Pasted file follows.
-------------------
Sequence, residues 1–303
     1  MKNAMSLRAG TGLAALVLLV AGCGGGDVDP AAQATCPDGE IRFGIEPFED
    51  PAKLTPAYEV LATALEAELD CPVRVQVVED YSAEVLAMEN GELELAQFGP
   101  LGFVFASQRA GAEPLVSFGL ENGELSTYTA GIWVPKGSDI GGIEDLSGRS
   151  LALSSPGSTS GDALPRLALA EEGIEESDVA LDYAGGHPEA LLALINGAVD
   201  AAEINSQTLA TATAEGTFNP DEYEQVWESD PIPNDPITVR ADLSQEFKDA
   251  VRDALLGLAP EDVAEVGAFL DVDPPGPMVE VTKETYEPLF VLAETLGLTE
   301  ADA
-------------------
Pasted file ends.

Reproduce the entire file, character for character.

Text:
Sequence, residues 1–303
     1  MKNAMSLRAG TGLAALVLLV AGCGGGDVDP AAQATCPDGE IRFGIEPFED
    51  PAKLTPAYEV LATALEAELD CPVRVQVVED YSAEVLAMEN GELELAQFGP
   101  LGFVFASQRA GAEPLVSFGL ENGELSTYTA GIWVPKGSDI GGIEDLSGRS
   151  LALSSPGSTS GDALPRLALA EEGIEESDVA LDYAGGHPEA LLALINGAVD
   201  AAEINSQTLA TATAEGTFNP DEYEQVWESD PIPNDPITVR ADLSQEFKDA
   251  VRDALLGLAP EDVAEVGAFL DVDPPGPMVE VTKETYEPLF VLAETLGLTE
   301  ADA